Microbiology for writers and the curious: a primer

A microbiologist, along with environmental and earth scientists, often creep into my stories unintentionally. Usually, when I want to double-check what the microbiologist would do, I call Mrs R, a microbiologist here in Durban. I was most fortunate when Mrs R allowed me to tag along to the Microbiology Department and gave me an instructive tour of the lab.

First things first, what do microbiologists do?

My understanding is that microbiologists study minuscule microbes with the aim of achieving various ways to make life better – from brewing better beer, producing better cures for illnesses, improving industrial processes, or preventing bored depressed timber from spontaneously combusting.
And while a microbiologist could inadvertently eradicate all life on earth as we know it, there’s very little chance of this if they follow the Six Rules For A Microbiology Lab User.

More components for DNA testingFrom what I could see, the most boring thing a microbiologist gets to do is DNA testing.

The most exciting thing they get to do is play with super-cool machines like: centrifuges, the Vortex, incubators, and something called a Thermal Cycler, many of which separate DNA indicators from the rest of the cells so things like genetic modification can become a reality. Also, they get to make better puns than I do (the microbiologists, not their equipment). But what microbiologist do the most is run experiments, analyze results and come up with solutions, all of which makes my eyes and brain hurt when I think about it.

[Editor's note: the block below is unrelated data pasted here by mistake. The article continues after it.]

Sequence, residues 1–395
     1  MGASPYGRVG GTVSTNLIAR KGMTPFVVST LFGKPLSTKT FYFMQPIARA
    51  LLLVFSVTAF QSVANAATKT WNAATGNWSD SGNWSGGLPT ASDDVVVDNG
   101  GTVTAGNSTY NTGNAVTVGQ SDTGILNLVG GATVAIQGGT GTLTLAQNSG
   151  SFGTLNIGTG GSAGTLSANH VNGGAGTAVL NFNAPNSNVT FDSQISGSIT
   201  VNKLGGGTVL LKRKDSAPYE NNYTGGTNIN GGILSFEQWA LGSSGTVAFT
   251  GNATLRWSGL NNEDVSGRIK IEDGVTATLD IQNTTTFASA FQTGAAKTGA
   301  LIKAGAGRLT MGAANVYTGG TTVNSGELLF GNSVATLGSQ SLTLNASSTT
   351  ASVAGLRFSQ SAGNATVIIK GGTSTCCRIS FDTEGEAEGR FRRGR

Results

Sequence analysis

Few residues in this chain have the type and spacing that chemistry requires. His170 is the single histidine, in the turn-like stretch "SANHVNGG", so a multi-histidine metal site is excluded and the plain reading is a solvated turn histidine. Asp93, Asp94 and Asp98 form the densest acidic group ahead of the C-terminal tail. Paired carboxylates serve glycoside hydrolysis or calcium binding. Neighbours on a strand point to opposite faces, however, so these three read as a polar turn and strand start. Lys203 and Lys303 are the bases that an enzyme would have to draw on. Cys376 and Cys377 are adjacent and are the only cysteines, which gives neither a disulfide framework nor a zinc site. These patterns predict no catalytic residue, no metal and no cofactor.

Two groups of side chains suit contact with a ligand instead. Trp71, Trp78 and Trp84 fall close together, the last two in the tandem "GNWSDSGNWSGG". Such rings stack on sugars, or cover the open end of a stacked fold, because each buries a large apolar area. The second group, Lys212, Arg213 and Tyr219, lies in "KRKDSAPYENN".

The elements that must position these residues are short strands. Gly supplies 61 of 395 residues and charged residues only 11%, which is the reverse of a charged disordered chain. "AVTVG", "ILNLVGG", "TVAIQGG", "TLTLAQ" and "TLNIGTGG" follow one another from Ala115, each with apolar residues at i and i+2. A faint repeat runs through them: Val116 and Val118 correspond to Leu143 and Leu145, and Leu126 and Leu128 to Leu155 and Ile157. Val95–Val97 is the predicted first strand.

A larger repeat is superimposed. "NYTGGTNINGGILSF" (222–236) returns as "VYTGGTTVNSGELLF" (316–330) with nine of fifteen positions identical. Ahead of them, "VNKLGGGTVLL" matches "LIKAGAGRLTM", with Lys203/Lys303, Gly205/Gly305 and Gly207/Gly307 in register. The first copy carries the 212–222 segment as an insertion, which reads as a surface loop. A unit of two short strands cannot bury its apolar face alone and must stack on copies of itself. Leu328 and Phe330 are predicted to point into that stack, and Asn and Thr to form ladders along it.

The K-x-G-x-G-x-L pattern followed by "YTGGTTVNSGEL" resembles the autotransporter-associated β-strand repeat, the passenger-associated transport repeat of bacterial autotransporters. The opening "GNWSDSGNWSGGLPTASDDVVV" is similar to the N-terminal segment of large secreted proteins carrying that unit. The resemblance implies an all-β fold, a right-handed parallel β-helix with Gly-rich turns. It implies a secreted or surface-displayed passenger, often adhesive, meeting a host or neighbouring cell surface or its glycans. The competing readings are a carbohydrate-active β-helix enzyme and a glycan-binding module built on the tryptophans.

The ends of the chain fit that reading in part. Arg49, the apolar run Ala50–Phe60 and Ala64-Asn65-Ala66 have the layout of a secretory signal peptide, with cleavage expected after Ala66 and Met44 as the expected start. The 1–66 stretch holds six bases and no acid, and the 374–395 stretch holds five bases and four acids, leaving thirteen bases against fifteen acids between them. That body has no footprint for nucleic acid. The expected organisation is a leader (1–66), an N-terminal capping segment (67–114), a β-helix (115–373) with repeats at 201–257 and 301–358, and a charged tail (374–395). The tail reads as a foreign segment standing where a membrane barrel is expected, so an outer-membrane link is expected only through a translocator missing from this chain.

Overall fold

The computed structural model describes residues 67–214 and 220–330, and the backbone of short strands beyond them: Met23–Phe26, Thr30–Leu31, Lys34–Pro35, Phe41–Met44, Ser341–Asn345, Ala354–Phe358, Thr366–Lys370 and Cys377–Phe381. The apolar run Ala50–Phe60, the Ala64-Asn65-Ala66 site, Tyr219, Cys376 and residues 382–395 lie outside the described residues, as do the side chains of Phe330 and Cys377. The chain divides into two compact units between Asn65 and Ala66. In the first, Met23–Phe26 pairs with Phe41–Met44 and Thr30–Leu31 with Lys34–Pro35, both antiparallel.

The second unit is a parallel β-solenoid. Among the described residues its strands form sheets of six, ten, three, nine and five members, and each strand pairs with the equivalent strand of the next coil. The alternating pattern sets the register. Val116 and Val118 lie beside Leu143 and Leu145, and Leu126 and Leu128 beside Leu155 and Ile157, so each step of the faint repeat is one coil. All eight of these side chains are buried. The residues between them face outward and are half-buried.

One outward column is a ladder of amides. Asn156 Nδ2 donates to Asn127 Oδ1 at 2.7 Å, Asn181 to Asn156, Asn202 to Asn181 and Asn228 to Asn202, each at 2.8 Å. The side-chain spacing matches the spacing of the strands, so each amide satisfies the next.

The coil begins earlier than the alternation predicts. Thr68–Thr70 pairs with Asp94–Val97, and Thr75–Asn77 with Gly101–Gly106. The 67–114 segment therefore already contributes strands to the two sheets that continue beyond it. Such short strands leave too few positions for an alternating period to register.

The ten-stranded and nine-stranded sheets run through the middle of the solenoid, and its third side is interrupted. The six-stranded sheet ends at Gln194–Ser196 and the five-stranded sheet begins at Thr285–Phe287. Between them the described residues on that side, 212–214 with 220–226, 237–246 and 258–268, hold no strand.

A centrifuge
A Pipette Stand for measuring different volumes

Placing a sample into the centrifuge
Placing sample into a centrifuge

Retrieving sample from the centrifuge
Retrieving sample from the centrifuge

An incubator










Thermal Cycler
Thermal Cycler

I found microbiologists to be a friendly, welcoming lot, with diverse interests and personalities. They seem more social than most other scientists, and answered idiotic questions from myself with patience and good humor. Then again, I didn’t mess with any of their cultures…

dont mess with my culture

A Vortex is a vital piece of equipment for any microbiologist, unless they are The Flash.

Baby centrifuge for DNA sampling
Baby Vortex for mixingflash-1.2-cetrifugre

Three little known facts about microbiologists.

3 little known facts microbiologists

topping up on solution
topping up on solution

This extracted protein in a gel looks pretty enough that you want to stick an ungloved finger in it. Not recommended.


 Mock DNA sequence

A DNA sequence looks a lot like someone was amusing themselves with Excel instead of a super-cool clickable 3-D view of a DNA helix we see in the movies. A quick study of Mrs R’s work revealed that I should never challenge a microbiologist at Tetris, and neither should you.

A contaminated culture or a great piece of abstract art

Contaminated petri dishes make for excellent abstract art.


Six Rules for the Microbiology Lab

6 Rules Microbiology Lab b

For more about the fascinating, and often controversial, world of microbiology contact your nearest university microbiology department or lab.

Leenna Naidoo would like to thank Mrs R and her colleagues for their kindness and indulgence, and for their efforts to encourage greater accuracy in a writer’s research. Any errors fall squarely at my feet.


Share your thoughts

Fill in your details below or click an icon to log in:

WordPress.com Logo

You are commenting using your WordPress.com account. Log Out /  Change )

Google+ photo

You are commenting using your Google+ account. Log Out /  Change )

Twitter picture

You are commenting using your Twitter account. Log Out /  Change )

Facebook photo

You are commenting using your Facebook account. Log Out /  Change )


Connecting to %s